- It's Clayton Kershaw against Jose Altuve, Kenley Jansen against Carlos Correa and Justin Verlander battling Justin Turner. The World Series is here, and our writers have their picks.
With a minimum of four games left in the season, our writers make their final predictions of the postseason. While only one writer picked the Astros and Dodgers to meet in the World Series in their original postseason predictions, six writers still have a chance at picking the champion correctly. It will either be the first championship in franchise history (Astros) or first since 1988 (Dodgers).
Dodgers in seven: The two teams at the cutting edge of pitching—nobody spins it and loves the high fastball like these two—are primed for a long series of close games. Home teams are 23–8 this postseason, including 10–0 from the Astros and Dodgers, so in the first year World Series homefield advantage is earned by the team with the best overall record, the edge comes down to where the games are played.
Dodgers in six: I picked the Dodgers before the season, despite the Astros cover prediction SI (in)famously made three years ago, largely because I didn’t think the Astros had the pitching. Though the addition of Justin Verlander goes a long way towards making that up, I still think pitching gives the L.A. the edge, specifically their bullpen. For years that was L.A.’s Achilles heel; now it’s a strength, and it means they won’t need to push Kershaw (or any other starter) past his limits. The Astros’ offense is the best in the game, they have two real aces, and they won’t be easy to beat, but the Dodgers’ depth and balance made them the best team in the majors this season—and this postseason, too.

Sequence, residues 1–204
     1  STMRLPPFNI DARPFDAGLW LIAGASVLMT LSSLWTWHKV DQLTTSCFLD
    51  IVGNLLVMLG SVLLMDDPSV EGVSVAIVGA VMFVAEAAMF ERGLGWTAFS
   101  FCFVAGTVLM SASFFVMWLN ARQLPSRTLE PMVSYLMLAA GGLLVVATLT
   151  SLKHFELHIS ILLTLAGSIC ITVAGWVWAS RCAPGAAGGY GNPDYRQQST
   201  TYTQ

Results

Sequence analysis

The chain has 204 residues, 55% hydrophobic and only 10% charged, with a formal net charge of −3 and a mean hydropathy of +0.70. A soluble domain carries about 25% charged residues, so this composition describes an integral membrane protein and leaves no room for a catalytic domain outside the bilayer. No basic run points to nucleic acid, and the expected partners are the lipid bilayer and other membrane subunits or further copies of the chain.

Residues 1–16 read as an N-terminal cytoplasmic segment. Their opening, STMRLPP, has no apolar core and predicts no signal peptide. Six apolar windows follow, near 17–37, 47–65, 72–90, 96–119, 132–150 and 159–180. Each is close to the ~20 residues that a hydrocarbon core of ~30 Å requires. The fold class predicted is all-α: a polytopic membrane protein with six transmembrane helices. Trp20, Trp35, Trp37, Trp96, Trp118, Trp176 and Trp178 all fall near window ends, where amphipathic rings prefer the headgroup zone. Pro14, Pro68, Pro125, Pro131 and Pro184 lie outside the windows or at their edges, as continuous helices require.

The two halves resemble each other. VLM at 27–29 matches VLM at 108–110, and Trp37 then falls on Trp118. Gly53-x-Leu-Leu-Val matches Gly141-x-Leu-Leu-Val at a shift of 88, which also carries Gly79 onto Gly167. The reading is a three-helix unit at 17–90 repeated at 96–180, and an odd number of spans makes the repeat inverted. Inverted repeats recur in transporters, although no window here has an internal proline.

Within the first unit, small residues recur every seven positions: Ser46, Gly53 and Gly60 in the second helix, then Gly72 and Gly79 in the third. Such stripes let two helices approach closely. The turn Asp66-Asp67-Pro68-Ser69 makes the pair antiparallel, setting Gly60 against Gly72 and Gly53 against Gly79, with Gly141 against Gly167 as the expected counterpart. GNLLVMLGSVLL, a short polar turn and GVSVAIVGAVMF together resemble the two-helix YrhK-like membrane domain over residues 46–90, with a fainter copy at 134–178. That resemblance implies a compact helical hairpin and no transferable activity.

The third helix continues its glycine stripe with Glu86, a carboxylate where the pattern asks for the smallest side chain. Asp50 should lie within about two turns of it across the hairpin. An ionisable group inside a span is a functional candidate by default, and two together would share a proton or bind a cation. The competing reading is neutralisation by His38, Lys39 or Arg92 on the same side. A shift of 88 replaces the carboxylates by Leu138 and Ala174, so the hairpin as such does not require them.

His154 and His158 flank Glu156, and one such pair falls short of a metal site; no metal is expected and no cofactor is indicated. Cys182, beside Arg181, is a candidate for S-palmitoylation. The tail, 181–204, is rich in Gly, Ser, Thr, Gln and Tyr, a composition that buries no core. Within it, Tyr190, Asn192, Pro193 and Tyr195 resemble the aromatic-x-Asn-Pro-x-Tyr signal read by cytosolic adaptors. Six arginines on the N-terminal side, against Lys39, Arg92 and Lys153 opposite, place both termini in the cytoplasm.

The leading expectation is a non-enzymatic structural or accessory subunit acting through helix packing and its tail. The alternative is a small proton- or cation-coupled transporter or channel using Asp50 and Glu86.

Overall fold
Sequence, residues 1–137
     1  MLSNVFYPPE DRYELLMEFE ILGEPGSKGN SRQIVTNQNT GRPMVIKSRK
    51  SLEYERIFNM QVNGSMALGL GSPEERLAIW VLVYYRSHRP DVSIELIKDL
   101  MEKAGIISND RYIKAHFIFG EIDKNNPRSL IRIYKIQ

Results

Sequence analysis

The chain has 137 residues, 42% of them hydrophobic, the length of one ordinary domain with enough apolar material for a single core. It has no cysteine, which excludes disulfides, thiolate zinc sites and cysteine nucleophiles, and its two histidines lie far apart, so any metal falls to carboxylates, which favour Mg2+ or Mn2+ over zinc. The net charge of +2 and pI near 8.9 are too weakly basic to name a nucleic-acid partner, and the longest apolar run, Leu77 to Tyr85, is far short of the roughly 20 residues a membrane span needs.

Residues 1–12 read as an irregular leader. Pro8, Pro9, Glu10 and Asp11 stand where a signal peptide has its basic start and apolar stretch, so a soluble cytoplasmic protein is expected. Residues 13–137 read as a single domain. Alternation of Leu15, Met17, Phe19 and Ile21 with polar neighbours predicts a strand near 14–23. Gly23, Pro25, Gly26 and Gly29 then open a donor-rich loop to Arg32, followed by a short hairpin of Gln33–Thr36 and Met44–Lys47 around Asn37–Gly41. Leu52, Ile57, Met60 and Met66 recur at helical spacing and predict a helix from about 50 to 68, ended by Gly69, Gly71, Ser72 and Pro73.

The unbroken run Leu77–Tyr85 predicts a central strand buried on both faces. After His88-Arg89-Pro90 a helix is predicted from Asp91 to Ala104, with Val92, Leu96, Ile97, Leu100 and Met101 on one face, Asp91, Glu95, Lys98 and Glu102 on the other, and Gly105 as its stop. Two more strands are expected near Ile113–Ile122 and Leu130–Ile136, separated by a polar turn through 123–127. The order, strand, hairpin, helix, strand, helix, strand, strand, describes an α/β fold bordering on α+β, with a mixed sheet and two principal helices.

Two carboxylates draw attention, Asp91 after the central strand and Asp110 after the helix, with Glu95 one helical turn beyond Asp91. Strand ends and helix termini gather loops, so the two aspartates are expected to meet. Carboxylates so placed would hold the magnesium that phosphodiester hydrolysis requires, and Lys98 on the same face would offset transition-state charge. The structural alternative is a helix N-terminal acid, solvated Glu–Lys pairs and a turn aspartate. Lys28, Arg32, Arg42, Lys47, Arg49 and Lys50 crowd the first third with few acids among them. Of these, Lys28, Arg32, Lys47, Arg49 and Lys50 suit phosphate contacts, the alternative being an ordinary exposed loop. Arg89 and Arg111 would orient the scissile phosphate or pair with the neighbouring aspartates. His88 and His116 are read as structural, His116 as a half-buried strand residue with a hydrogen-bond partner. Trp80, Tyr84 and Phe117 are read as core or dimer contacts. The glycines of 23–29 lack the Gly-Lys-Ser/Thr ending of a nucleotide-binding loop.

Astros in seven: The best part about Game 7 of the ALCS for the Astros, aside from the fact that they won it? That it was a smooth, relatively stress-free ride, thanks to the stellar work of Charlie Morton and Lance McCullers. Dallas Keuchel and Justin Verlander didn’t even have to stand up from the bench, except to cheer, and so they’ll be on full rest for Games 1 and 2 against the Dodgers—on an extra day’s rest, in fact, in the case of Keuchel. So instead of staggering out to LA an exhausted, banged up mess, as many Game 7 winners might have, the Astros and their aces will be fresh. That may limit the need for a bullpen that was exposed against the Yankees, and will allow the Astros to do as the prophecy foretold. The prophecy from 2014, not 2017, that is. The better prophecy.
Dodgers in six: The best team all season has, frighteningly, gotten better in October. The major question going into the playoffs was how to get from Clayton Kershaw to Kenley Jansen, and the answer seems to be a bullpen that didn't allow a run in 17 innings to the Cubs in the NLCS. The Astros' pitching staff is often able to limit big innings, but the Dodgers had the fourth-lowest groundball rate in the league this year, so they are always a threat for a home run or two, especially in the warm weather of a Los Angeles–Houston series.